Colorado flooding air rescues expected to resume; 1,253 people unaccounted for across state

Officials: 19K homes damaged, lost in floods

BOULDER, Colo. - Boulder, Colo., authorities say resumed air rescue efforts are planned for Monday.

The Office of Emergency Management says that the weather is expected to be clear enough to allow helicopters to take to the skies to rescue flood victims.

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The officials are urging people who have been unable to communicate by phone or other means to signal helicopters passing overhead any way they can, including sheets, mirrors, flares or signal fires.

Many communities are still cut off by flooding from a week of heavy mountain rains. Rain hampered the helicopter searches yesterday, and rescuers trekked by ground to reach some isolated homes. The surging waters have been deadly, with four people confirmed killed and two more missing and presumed dead.

Emergency officials say some 1,500 homes have been destroyed and about 17,500 have been damaged by the flooding that began in the middle of last week. More than 1,200 people have not been heard from. 

After swelling to a peak of 431 entries, Boulder County's list of uncounted for persons contains 212 entries for families, couples and individuals. The list contains 326 total names, KMGH-TV reported.

Hundreds more are on a similar list in Larimer County.

Sheriff Pelle's office has confirmed three deaths within Boulder County so far. Two deaths were discovered Thursday and one was confirmed Friday after previously being reported missing.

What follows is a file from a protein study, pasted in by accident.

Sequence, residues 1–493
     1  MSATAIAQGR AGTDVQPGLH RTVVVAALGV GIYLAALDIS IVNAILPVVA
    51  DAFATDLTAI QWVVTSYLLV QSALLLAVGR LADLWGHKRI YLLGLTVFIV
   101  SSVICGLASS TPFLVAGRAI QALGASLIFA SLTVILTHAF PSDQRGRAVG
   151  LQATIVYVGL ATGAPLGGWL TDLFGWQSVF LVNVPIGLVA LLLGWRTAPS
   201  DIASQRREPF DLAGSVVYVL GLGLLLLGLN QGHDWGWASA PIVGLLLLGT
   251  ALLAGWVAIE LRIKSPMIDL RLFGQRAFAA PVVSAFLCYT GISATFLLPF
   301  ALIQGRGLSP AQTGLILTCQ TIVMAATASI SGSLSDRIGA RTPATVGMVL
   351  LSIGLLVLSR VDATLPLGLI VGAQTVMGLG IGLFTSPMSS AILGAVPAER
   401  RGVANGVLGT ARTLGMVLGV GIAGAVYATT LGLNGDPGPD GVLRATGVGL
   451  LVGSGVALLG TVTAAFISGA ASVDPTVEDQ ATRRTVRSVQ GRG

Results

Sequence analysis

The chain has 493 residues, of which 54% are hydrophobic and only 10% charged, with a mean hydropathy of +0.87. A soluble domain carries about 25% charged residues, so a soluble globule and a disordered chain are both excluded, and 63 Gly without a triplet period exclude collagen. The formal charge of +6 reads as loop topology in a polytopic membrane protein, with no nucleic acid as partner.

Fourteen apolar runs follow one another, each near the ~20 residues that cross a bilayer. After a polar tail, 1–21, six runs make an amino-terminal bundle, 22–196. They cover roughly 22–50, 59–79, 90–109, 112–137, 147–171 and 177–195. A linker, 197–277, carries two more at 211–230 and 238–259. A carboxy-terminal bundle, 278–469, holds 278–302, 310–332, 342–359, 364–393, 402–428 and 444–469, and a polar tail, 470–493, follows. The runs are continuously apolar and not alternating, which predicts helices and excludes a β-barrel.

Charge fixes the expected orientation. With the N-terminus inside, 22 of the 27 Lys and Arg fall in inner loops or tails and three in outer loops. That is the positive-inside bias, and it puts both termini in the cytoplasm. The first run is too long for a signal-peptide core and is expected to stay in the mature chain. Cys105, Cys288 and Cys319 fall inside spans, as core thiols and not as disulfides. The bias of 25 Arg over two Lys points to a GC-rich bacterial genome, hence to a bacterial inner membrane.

Including the two who are presumed dead, the toll of the flooding statewide is six people.

In addition to a cost of lives, Boulder County is also dealing with loss of property and infrastructure. The City of Boulder is fielding reports from residents that water or sewage is backing up into their homes.

In most cases, the city says, the backup is groundwater and not sewage. 

The flooding is spread across parts of 15 counties, stretching almost 200 miles from north to south.

In Larimer County alone, the current impact area is estimated at 1,120 square miles. Another 760 are impacted in Boulder County and 385 in Jefferson County.

An estimated 35 bridges, 100 minor structures and 100 miles of road need repair in Boulder County. Emergency managers estimate $100-150 million in damage in that county.

Statewide, 26 shelters have taken in a population of 1,872 people. Nine counties and five cities have activated Emergency Operations Centers.

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